The Energy Management Technology market has a compelling ROI, proven technology and concrete examples of cost savings that have made a significant difference in the bottom line for business users as well as consumers. So why hasn’t the market taken off as quickly as expected? Where are the opportunities? The MassTLC Energy cluster explored these questions on Thursday at Foley Hoag in Waltham, MA.Unlike other technology markets such as mobile, curiously there is not a lot of pull from consumers demanding new products. Energy management is not easily accessible as yet to the casual user and although the ROI is there, it is still a high ticket item for both commercial and residential users. But with big data and mobile apps on the horizon, this market may be on the verge of taking off.
The morning started with great excitement in our showcase of technologies from MicroDesk, Millennial Net, NSTAR, OutSmart Power Systems, PepperDash, Powerhouse Dynamics and Save Energy Systems. Attendees saw dashboards, software demos, hardware and talked to representatives from these companies about how their products and services are helping businesses manage energy consumption as a strategic asset — and save money in the process.
Moderator, Scott Clavenna, CEO, of Greentech Media then led an interactive panel session on the challenges facing energy management and the opportunities as we move into the age of big data. The panel included:
- Domenic Armano, Director, Strategy & Innovation, Energy Solutions, Johnson Controls
- Martin Flusberg, CEO, Powerhouse Dynamics
- Carlos Alonso-Niemeyer, Program Manager, Energy Efficiency Services, NSTAR
- Howard Nunes, CEO, PepperDash
The slow adoption is due in part to finding the right way to engage customers with the issues that they care about most, managing their energy costs. Except for the ‘wealthy geeks’, most people do not care about the technology’ what they care about are the business results that the technology offers. For the larger utilities like NSTAR, that engagement happens through the CFO or working with architects and engineers in the design stage to decrease costs. The primary driver for CFOs is energy costs, says Armano. For many of Powerhouse Dynamic’s smaller commercial customers there isn’t a full time Energy or Facility Manager. So finding the right person to demonstrate how energy management can critically impact the profitability of their grocery store or restaurant is important. User experience is also critical for this set of customers as well as the high-end residential customer. PepperDash is partnering with groups like RealComm to reach CIO’s and Facility Managers who are interested in managing energy as an asset with business intelligence and data analytics.
Adoption will happen once people are fully engaged – on their terms. This is true for any business interaction. Currently energy management is a nascent market and companies are focused on their technology. A shift is needed to focus more on the business results for the targeted market regardless of whether it is the person responsible for the HVAC system or a CIO.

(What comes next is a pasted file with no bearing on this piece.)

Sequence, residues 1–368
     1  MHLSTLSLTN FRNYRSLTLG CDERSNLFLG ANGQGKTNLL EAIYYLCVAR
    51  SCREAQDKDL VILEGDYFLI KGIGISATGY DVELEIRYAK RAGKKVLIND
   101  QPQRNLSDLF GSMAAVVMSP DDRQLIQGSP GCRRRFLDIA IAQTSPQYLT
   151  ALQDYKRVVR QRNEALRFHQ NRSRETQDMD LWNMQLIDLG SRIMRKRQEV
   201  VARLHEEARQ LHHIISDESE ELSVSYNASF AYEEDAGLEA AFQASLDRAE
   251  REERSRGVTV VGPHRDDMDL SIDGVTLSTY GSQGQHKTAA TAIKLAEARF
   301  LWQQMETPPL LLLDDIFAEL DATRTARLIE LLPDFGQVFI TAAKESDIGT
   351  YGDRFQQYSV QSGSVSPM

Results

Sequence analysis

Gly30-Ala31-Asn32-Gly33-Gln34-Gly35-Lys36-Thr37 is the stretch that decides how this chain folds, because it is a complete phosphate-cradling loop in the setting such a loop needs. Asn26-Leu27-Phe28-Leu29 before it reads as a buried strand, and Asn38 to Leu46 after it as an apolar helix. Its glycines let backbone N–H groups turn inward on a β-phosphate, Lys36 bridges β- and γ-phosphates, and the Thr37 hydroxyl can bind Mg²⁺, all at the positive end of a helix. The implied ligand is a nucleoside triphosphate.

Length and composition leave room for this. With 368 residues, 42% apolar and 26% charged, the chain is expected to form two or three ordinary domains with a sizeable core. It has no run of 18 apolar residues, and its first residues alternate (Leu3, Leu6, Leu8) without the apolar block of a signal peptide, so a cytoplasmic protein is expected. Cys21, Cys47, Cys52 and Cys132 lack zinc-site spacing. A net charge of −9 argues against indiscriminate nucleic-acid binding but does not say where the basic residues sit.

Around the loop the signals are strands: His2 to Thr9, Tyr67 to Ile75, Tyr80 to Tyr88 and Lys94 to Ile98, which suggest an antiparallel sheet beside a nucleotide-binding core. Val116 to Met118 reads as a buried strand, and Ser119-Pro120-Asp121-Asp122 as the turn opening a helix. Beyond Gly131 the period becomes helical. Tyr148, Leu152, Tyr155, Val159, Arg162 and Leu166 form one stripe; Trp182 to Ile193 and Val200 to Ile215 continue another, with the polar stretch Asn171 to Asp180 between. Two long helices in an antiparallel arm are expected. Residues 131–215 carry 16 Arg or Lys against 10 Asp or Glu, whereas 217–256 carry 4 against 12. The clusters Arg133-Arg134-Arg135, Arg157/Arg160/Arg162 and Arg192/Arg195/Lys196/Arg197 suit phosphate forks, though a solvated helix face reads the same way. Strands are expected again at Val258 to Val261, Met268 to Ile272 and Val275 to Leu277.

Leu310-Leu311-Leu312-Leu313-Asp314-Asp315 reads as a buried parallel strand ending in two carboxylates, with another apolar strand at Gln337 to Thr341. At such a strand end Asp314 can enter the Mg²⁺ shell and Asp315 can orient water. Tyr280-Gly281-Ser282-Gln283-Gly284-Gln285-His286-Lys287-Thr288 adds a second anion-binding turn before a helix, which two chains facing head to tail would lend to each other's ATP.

Another issue is that VCs think of this space as ‘noisy’. Companies need to think about how to reverse this impression. The development of standards would help address this issue. According to Armano, standards are critical to success in this market, and would also make it easier for the buyer to buy. Buyers fear vendor ‘lock-in’, says Clavenna.
So how is Massachusetts doing compared to the rest of the country in adopting and investing in energy management? In 2011 Massachusetts was first in the nation for energy efficiency and had its highest investment in cleantech on record. Domenic Armano highlighted the great organizations here like the Cleantech Open. Massachusetts utilities like NSTAR offer incentives to support new technologies, http://www.nstar.com/business/energy_efficiency/electric_programs/ . Martin Flusberg spoke from the investor’s point of view and reminded the audience that Boston is a conservative investment market, but that he is seeing signs that VC’s are looking to make earlier investments in energy management companies.
With the onset of the cloud, big data and data analytics, there are ample opportunities for businesses to see patterns in the energy data and realize the potential for cost saving. Specifically, fast growing sectors like IT data centers that have intense cooling requirements and associated energy costs associated with them, can benefit from monitoring tools. There are also many opportunities in healthcare, though perhaps harder to realize given the regulatory environment.
Johnson Controls has recently announced the creation of an open-source platform able to integrate into building systems with third parties developing applications. According to Flusberg more executives with access to data are seeing energy costs as a controllable expense which provides motivation to invest in energy management systems. NSTAR has also started a pilot program for home energy management and mobile reporting, .
The true power of this data is yet to be realized. There will be challenges along the way, such as privacy and security issues, as well as questions regarding the ownership of the data and ultimately how the data can be used to the advantage of service providers and consumers in providing visibility to energy consumption and the ability to realize savings.
Links to participating companies:
Thank you to our Sponsors:
Autodesk & Foley Hoag